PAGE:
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by Hedgebrook Staff

We are so excited to introduce you to each of incoming screenwriters for Hedgebrook’s inaugural Screenwriters Lab! We encourage you to check out their previous work by following the links at the bottom of the interview. This is the first in a series of five interviews. Check back soon to meet our second screenwriter!


Without giving too much away, what do you find new and challenging about your current project?

The most challenging aspect in approaching this new writing project is re-wiring my brain in terms of my approach to story. I have been writing a few television pilots over the past few months and that kind of writing exercises a different kind of creative muscle. In features there’s a bit more latitude to spend time with an idea, a character, a theme or circumstance. Features tend to fit better with my natural writing tendencies, however it’s all a challenge. I usually start with who the people are and then ask myself if I can write them in a way that is worth the investment of time and space. Then I think about the conflict confronting the character. This part of the puzzle is never easy and is compounded by figuring out how the character navigates or becomes thwarted by what they face.


Have networks of other women writers contributed to your growth and success as a writer?

Recently, I have had the experience of working with three women, very advanced in their writing careers, who have helped me immensely and given me confidence in my own ability as a writer. Having mentors is invaluable. Early out of film school, oddly enough, I worked with mostly men, one a magazine editor, turned producer and the other an actor/producer. I think they have influenced my writing, in terms of the subject matter I usually tackle. I suppose the biggest influence came from my grandmother, who was a journalist and planted the seeds of storytelling early on within me.


How do you approach making creative compromises for financial reasons?

It can be a bit frustrating for sure, but because film is a collaborative medium, I think it’s prudent to learn how to discern the kind of compromises one can live with in their storytelling. In the first feature I wrote, the film sales company thought the opening scene was too salacious. I remember being really annoyed by that and then I thought about how to create the scenario in a way that was more accessible. It was a good challenge. I love the notes process, but the notes should make sense. Ultimately, writing is a malleable art form, meant to be pulled and stretched and so I’m never too precious about it.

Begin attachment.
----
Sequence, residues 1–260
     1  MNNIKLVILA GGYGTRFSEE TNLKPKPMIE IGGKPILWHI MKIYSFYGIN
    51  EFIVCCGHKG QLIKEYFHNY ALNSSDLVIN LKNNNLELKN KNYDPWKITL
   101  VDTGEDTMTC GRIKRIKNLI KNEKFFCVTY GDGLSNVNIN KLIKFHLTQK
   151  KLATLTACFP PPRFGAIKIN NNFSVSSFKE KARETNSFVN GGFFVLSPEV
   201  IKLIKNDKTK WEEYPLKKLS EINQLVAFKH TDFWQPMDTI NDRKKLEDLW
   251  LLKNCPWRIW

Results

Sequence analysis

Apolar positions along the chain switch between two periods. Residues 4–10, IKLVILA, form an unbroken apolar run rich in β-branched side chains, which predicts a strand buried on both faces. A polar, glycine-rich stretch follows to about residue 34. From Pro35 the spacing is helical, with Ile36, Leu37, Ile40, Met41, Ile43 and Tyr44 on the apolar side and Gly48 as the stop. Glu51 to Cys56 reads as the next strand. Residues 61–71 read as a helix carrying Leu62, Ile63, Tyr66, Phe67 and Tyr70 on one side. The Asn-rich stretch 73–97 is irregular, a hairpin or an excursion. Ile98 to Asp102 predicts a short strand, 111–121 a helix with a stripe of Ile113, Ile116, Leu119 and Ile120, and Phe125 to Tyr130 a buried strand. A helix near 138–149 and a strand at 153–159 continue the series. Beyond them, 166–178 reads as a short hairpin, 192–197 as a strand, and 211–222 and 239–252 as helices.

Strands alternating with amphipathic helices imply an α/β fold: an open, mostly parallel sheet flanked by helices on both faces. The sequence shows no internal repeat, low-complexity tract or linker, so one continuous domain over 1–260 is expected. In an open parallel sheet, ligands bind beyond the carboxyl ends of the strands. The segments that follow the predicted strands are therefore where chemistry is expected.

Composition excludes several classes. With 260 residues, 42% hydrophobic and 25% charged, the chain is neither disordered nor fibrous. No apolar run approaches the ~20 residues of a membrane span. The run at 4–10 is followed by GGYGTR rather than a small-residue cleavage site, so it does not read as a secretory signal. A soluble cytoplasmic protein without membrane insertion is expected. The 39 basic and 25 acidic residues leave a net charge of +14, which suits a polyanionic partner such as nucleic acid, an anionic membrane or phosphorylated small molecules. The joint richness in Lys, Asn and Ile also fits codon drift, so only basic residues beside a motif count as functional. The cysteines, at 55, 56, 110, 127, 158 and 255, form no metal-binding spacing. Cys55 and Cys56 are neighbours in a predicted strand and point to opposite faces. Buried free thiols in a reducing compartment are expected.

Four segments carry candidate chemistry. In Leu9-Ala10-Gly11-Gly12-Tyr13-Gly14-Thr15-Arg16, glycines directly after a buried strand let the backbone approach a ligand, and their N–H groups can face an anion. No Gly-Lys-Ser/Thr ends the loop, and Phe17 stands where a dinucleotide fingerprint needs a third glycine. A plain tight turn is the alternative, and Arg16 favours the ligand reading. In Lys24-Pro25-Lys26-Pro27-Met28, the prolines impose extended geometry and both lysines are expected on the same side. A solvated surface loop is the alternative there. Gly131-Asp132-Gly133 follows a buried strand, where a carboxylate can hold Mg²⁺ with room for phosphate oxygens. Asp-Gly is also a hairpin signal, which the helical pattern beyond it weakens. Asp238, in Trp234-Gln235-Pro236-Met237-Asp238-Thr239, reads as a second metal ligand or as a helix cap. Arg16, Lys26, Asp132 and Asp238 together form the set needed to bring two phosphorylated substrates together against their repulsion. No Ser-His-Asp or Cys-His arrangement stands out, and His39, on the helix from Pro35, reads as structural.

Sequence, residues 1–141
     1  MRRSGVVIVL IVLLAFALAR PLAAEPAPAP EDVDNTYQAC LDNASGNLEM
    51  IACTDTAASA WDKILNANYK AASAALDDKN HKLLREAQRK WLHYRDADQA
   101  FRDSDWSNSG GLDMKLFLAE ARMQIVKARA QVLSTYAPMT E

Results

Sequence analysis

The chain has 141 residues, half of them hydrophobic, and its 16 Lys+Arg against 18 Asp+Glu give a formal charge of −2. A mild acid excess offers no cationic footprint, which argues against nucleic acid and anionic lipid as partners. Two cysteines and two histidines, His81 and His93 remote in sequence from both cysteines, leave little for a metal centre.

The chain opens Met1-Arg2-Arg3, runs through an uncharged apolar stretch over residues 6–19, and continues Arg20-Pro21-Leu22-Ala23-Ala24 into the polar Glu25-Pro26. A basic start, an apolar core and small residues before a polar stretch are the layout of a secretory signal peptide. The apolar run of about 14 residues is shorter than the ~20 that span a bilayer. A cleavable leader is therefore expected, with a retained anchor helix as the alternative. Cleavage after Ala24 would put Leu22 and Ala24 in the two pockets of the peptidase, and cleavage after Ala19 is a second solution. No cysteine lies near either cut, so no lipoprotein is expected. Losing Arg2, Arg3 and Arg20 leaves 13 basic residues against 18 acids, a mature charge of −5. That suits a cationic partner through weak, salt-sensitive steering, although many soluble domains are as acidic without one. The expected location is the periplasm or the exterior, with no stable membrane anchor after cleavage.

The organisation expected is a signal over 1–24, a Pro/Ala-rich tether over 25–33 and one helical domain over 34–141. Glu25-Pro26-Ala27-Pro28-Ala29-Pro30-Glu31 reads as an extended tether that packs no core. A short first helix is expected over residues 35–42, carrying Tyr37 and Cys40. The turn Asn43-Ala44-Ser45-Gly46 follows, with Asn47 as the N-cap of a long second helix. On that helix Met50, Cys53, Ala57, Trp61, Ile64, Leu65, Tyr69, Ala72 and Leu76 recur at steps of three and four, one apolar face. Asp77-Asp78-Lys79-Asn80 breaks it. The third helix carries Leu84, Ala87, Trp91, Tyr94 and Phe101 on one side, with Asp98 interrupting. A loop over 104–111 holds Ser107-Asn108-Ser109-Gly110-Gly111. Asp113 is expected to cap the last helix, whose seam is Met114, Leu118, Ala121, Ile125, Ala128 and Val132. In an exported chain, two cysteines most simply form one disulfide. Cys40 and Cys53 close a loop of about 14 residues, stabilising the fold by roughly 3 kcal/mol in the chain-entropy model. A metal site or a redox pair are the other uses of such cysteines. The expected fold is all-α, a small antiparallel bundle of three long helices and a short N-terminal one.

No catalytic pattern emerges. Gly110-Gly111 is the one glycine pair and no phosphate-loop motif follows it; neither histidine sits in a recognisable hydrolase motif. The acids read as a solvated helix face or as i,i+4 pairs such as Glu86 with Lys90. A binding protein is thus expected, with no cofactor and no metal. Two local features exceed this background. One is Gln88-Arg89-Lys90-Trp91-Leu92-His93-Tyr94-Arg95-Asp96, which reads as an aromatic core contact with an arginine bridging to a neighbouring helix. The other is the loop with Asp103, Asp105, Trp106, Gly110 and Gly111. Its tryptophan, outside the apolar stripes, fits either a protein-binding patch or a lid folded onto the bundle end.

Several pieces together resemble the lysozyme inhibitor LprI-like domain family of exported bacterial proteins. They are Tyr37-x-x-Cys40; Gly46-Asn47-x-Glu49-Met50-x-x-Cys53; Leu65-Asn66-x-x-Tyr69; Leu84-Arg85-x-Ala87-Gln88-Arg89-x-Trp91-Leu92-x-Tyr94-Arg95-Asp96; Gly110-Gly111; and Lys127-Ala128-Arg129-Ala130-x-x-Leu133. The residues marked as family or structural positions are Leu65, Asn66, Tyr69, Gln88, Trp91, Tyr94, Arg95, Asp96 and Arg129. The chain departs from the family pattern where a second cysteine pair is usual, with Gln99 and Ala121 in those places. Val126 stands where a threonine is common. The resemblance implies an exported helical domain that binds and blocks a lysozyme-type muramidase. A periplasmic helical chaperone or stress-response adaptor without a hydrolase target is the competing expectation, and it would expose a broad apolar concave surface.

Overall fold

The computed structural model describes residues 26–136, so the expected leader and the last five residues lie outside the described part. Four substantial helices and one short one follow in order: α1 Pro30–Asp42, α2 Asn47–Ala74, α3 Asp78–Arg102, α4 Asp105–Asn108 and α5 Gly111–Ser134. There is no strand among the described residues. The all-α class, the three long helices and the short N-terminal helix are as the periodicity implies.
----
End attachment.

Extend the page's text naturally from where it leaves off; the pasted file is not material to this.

Would you share one of your creative rituals?

I think writers can be as superstitious as athletes. I have a hat that I sometimes wear when I write. I call it my thinking cap. I can’t believe I just shared that! If I find that I’m struggling with some aspect of the story, I usually think about the problem before I go to sleep and often I will have dreams about a resolution. I scribble down key words or phrases in a little book that I keep by my bed and the next morning, it’s usually the first thing I look at when I wake up. Lastly, I write to music. For me this is essential. It helps me with dialogue and is always geared toward the subject I’m tackling.


Why are you excited about Hedgebrook?

I am excited to meet other female writers and learn about their approach to story. Writing is so often a solitary endeavor, so the idea of communing with fellow storytellers is really exciting. I’m looking forward to listening and learning.


About Lauren Goodman:

Lauren GoodmanGrowing up in a family of writers, the love for the written word is etched into Lauren Goodman’s DNA. Her great uncle founded the Los Angeles Sentinel in 1932, the largest African-American owned newspaper and her father is George W. Goodman, one of the first African-American journalists hired by the New York Times. Goodman’s articles on Miles Davis, Jimi Hendrix and Sonny Rollins established him as one of the premiere music critics in journalism. So, it comes as no surprise that Lauren’s breakout script was the industry-lauded Marvin Gaye biopic, SEXUAL HEALING, which was bought by James Gandolfini’s company, Attaboy Films, through his first look deal at HBO.

Learn more at Lauren’s website: https://about.me/redgoodman928

Follow her on Twitter: @lascribbler




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Hedgebrook supports visionary women writers whose stories and ideas shape our culture now and for generations to come. The opinions expressed here are not necessarily representative of the opinions of Hedgebrook, its staff or board members.

Hedgebrook Staff
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